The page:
The United States added just 83,000 private-sector jobs in June, a dishearteningly low number that could add to the growing number of economists who warn that the economic recovery is stalling.
Over all, the nation lost 125,000 jobs, according to the monthly snapshot of the job market released by the Labor Department on Friday. Most of the lost jobs came as temporary workers hired by the federal government to help with the census exited their jobs.
The unemployment rate actually fell, from 9.7 percent to 9.5 percent. But don't be fooled. Larry Mishel, of the Economic Policy Institute, notes via e-mail:
The fall in unemployment is obviously due to a major withdrawal from the labor force (including people not entering and looking for work) and will be reversed in coming months. Hours of work are stable and wages actually didn't grow at all, another dismal sign. ...
Let me add--wages actually fell 2 cents for all workers, they were flat for production workers. More important the Labor Force fell about a million over the last 2 mos, and is lower than when the recession started 2.5 yrs ago!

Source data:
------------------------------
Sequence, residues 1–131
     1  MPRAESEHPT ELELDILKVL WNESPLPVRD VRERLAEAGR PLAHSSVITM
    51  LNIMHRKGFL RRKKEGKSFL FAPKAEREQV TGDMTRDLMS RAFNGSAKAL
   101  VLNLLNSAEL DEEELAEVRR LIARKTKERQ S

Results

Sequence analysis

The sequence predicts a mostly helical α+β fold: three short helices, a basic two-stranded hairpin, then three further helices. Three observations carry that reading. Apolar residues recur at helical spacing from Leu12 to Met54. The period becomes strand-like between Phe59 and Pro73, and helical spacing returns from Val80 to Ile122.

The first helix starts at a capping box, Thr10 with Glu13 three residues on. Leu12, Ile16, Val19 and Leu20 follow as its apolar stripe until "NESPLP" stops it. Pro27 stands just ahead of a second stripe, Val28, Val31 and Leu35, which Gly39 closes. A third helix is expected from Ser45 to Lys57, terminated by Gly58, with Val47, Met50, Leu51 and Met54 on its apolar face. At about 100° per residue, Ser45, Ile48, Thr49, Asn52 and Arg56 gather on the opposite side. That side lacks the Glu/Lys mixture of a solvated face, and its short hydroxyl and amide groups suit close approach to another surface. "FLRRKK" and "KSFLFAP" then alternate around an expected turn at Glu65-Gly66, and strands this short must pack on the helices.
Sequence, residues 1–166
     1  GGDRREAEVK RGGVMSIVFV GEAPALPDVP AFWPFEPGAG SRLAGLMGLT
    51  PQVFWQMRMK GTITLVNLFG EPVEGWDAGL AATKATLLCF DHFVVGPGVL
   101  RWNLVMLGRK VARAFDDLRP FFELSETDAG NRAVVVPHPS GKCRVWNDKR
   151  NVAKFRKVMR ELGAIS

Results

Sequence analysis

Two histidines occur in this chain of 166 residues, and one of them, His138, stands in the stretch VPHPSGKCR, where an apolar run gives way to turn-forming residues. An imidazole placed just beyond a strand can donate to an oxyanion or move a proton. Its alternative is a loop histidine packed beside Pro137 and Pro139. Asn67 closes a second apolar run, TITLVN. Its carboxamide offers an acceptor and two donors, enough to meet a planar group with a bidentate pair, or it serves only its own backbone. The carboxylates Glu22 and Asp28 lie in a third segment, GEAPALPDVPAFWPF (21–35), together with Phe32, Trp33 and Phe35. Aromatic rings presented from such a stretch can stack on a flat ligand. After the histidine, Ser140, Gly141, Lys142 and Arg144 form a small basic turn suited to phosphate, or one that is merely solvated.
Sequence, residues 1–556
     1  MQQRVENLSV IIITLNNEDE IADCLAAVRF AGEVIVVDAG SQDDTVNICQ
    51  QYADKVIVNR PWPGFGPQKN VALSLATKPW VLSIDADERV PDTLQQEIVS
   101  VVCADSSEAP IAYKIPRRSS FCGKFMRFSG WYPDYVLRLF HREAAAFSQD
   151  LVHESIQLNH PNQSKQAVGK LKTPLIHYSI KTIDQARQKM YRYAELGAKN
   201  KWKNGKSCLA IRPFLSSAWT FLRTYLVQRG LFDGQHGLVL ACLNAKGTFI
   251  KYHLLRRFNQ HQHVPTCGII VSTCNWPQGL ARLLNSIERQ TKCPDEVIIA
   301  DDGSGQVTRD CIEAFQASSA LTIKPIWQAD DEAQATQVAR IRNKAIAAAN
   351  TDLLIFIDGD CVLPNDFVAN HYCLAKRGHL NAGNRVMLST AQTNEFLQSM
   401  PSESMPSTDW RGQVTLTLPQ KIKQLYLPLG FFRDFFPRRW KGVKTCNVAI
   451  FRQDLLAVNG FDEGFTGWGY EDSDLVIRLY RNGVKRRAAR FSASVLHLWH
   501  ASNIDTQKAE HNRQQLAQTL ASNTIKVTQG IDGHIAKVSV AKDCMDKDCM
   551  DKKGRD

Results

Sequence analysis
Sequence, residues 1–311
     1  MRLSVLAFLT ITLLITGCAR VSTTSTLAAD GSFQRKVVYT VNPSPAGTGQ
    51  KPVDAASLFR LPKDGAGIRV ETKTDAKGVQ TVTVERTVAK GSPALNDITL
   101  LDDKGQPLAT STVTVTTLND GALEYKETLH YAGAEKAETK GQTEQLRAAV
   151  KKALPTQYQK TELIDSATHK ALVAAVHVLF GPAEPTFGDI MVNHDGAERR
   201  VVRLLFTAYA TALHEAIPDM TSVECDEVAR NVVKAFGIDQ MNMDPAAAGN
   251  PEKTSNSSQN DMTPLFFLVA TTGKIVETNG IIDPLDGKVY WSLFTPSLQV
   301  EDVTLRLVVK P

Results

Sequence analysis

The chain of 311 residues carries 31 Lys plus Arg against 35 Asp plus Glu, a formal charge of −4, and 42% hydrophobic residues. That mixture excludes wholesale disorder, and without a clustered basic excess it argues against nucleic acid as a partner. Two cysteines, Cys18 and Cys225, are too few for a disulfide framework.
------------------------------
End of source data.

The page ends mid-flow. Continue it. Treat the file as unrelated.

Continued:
Mishel's take seems to be consensus on the center-left. Brad DeLong notes that the ratio of employment to population is now
88.5 58.5 percent, back where it was last November.
"Getting worse more slowly" is not "better." There is no "upturn." There never was.
I'm no economist, of course. But most of the economists I know and trust think numbers like these are proof that we need a major new stimulus package, in order to create jobs and--oh, by the way--help everybody who's out of work. Meanwhile, conservatives--most but not all of them in the Republican Party--continue to block action even on a much smaller jobs package.
But you knew that already, didn't you? Sigh.
Update: And here's more from Dean Baker.